Pinehaven Farm has sandy, slightly acid soil, much like ours. Apparently, potatoes like that. We've certainly done better with potatoes than with some other vegetables. Potatoes are actually pretty tolerant of different conditions but the light soil means that the potatoes tend to be large and well-shaped.



There's the bigger digger, which will harvest several rows of potatoes at once, provided the potatoes are large enough. The later potatoes are harvested through to the beginning of November, in general.


The red bin-piler is basically a large conveyor belt, used to pile the potatoes in the wooden bins. Potato processing equipment (like an awful lot of farm equipment) is wildly expensive, and as a small family farm John is limited in what he can get.

For example, he has some trouble with hollow heart in some of his potatoes. Yukon Gold is particularly prone to get it. It just means that there's a hole in the middle of the potato, caused by uneven watering as it formed, or possibly a boron deficiency. There's no real problem with this, it's just unsightly as it may turn a little brown. If you get a potato like this, just trim around it a bit if it's discoloured. There is a machine to detect hollow heart in potatoes, but it costs about a million dollars. Yep, a million dollars. If it helps keep small farmers in the potato business, I'm prepared to do a little trimming, myself.


The fields look pretty bare at the moment, and mostly they are, although John is harvesting a few last potatoes still. This year is the latest he has ever had potatoes in the ground, and it was also the earliest he has ever planted potatoes in the spring. He starts early, and harvests early, because new (not fully formed) potatoes get a premium price in the summer. He also plants potatoes a lot later then we ever have. This means they get harvested as late as possible. If you are a specialty potato grower, freshness is important. I guess it also means that while he stores potatoes to sell into the winter, he doesn't have an enormous glut of them.

John grows about 25 acres of potatoes. He moves his crops around from year to year. He doesn't grow organically, but he takes a fairly philosophical view of the problems that affect potatoes. We discussed scab, white grubs and Colorado potato beetles. He says all these things are cyclical. By moving potatoes around and having a lot of different varieties, he knows he will always have some problems, but he will also always have some that do just fine.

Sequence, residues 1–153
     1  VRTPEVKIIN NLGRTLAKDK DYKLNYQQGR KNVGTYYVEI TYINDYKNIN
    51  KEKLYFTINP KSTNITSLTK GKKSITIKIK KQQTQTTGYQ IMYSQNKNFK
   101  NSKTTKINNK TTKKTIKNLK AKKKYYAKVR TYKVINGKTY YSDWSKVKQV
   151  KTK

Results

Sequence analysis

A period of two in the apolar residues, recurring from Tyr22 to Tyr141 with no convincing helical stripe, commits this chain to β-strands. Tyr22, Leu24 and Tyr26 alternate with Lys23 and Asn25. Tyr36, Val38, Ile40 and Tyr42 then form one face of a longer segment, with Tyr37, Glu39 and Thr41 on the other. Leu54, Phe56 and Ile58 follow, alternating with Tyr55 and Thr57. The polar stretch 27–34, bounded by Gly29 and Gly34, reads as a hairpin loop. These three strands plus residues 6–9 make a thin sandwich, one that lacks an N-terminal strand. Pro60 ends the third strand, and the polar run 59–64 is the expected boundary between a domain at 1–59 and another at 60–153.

It was a beautiful day, but you can tell it's November by the way the sun drops like a hot stone around 4:30. Time to go home and have some supper - how about some nice potatoes! (And yes, I did get quite a few from John, so expect some potato recipes in the next little while - although I also plan to cook most of them fairly simply, to assess them.)







*The name rang a bell when John mentioned it, but I didn't place it for a while. River John is in Nova Scotia, in Pictou county, home of me ancestors or at least some of them. Okay, gotta try these.

3 comments:

Margaret said...

I grew some purple and red fingerling type potatoes this year, they were delicious and I still have about 20 lbs left, they are great roasted but I also like them boiled and served with some butter. They are a bit waxy so they don't mash to well.

carin said...

Just discovered this guy at the market this weekend. Love his knowledge and passion for the simple spud.

Great post and your blog is terrific. I've tweeted at link, hope you don't mind. (Tweeting @MatildaMagtree)

Always good to find more supporters for local grub!

All the best.

Ferdzy said...

Thanks, Carin!